Zechariah is struck dumb, which created no small problem for him as a priest.  (Luke 1:18-22)  Priests after all, were to represent the people before God, which required speaking words.  He could no longer serve, until he affirmed the instructions God had given him.  Mary, too, is troubled.  The world did not take kindly to unwed mothers, and she would have to endure the rigors of her pregnancy largely alone.  Her body is literally taken over by God, swelling day by day.  (Luke 1:29)

Joseph alone seems to have borne the news with something like equanimity, but of course the risks were pretty obvious.  He’s told to marry a woman suspiciously pregnant, and assume parentage over a child of dodgy origins, sacrificing his dreams and business for promise, one he will never see fulfilled.

The angels are terrifying.  Our romantic Victorian imagery doesn’t do them justice.  Why are they so scary?  What are we trying to hide with our iconography?

The Magnificat (Luke 1:46-55) riffs on these theme, and reveals why Christmas is so scary.  God regards the poor and humble, and remembers his covenant with Israel. He scatters, He tears down, and lifts up, echoing Isaiah 40:4.  What is this describing but an earthquake?  The hungry are filled, but the well-to-do are sent away empty.  What if we are deemed rich?

That is the scary thing.  We do not know, and the coming Messiah promises to expose all things (Luke 2:35).  Paul speaks of God as a fire that will burn through our lives and deeds, stripping away the chaff with which we surround ourselves, laying bare our essence.

Traditionally, Advent was time for the Church to look ahead to the Second Coming, having just celebrated the Feast of Christ the King, even as it was looking back toward Christ’s First Coming.  I think they caught that sense of danger in his Coming, that God is out to judge both his friends and our enemies, even as He brings peace, hope and healing.  May we recover something of that this holiday season.

Lo, he comes with clouds descending,
once for favored sinners slain;
thousand, thousand saints attending
swell the triumph of his train.
Hallelujah! Hallelujah! Hallelujah!
God appears on earth to reign.

Every eye shall now behold him,
robed in dreadful majesty;
those who set at naught and sold him,
pierced and nailed him to the tree,
deeply wailing, deeply wailing, deeply wailing,
shall the true Messiah see.

The dear tokens of his passion
still his dazzling body bears;
cause of endless exultation
to his ransomed worshipers;
with what rapture, with what rapture, with what rapture,
gaze we on those glorious scars!

Yea, Amen! Let all adore thee,
high on thy eternal throne;
Savior, take the power and glory,
claim the kingdom for thine own.
Hallelujah! Hallelujah! Hallelujah!
Everlasting God, come down!

  • Charles Wesley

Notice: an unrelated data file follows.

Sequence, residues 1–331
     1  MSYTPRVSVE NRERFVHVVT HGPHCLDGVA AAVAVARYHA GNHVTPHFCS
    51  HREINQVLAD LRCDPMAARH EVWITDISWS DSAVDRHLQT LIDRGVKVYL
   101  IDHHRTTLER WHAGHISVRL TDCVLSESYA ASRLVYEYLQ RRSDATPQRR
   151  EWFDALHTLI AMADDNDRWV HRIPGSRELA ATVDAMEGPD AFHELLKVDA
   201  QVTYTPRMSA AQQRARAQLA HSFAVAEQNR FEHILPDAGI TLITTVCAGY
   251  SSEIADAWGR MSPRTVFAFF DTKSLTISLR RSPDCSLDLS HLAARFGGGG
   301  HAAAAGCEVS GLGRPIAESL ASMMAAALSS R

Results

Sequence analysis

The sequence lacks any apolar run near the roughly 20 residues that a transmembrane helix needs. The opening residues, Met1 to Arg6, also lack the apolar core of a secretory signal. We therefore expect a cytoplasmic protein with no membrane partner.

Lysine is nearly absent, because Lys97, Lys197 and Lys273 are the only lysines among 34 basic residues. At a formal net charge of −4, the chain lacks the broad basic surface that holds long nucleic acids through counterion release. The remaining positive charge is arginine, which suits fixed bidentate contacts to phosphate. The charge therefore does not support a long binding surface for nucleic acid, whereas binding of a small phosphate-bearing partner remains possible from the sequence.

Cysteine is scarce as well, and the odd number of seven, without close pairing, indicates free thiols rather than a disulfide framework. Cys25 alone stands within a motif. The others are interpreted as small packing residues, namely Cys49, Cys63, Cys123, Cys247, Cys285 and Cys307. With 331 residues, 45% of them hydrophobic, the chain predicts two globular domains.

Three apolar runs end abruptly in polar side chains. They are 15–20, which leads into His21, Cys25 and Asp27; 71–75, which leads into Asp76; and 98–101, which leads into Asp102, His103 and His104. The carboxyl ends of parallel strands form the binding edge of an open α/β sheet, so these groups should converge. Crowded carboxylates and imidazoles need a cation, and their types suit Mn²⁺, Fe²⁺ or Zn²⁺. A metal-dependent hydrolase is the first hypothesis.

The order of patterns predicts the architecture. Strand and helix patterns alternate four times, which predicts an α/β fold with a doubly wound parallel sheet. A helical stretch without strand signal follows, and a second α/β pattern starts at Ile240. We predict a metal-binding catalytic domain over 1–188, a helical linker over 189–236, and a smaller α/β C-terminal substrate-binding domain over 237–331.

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Letter 50: With a Shine on Your Shoes

shoe-shine-

Last week, I decided to polish my shoes.  It has been a long time since I last did so, and it’s important to keep them polished.  They last longer that way.  It was one of the odd rituals of manhood instilled in me by my father.  I can remember helping him polish his shoes as a child.  He had a wooden shoe-shine box where he kept the supplies.  The handle doubled as a stand for the shoe.  Eventually as I kept my shoes longer, he showed me how to polish my own.

First, remove all visible dirt and debris with a soft brush, then apply the polish.  Wait a few minutes and then buff.  Repeat for additional shine.  For added protection and moisturizing, I learned to apply mink oil, which gave my shoes a glossy shine.  Once complete, take satisfaction in a job well done.

The message was clear, as a man, you take care of your possessions and your appearance.  Learn to sew buttons, darn socks, even hem trousers.  I have now owned the same pair of penny loafers for thirty years.  If you look closely, you’ll know that they’ve been re-soled and re-heeled, but that’s the only real sign of their age.

But it’s getting to be more of a challenge.  The last time I had my shoes worked on, I had to use a local dry-cleaner, as there are no cobblers in my area.  The same seems to apply to tailors.  Perhaps this is why people dress up so infrequently these days.  There is something about wearing a suit tailored to your frame.  Clothes off the rack have an element of shapelessness to them.  But then, we live in a shapeless age.

It may seem strange to you to find a reflection on something as prosaic as shoe polishing with all of the screaming headlines demanding our action and attention.  Perhaps, but I would submit that the discipline of keeping your shoes polished builds a frame of mind and character, badly needed.  We would all do well to take care of those things entrusted tour custody, to minimize waste, and to present ourselves at our best, not merely for our own sake, but as a measure of respect due to others.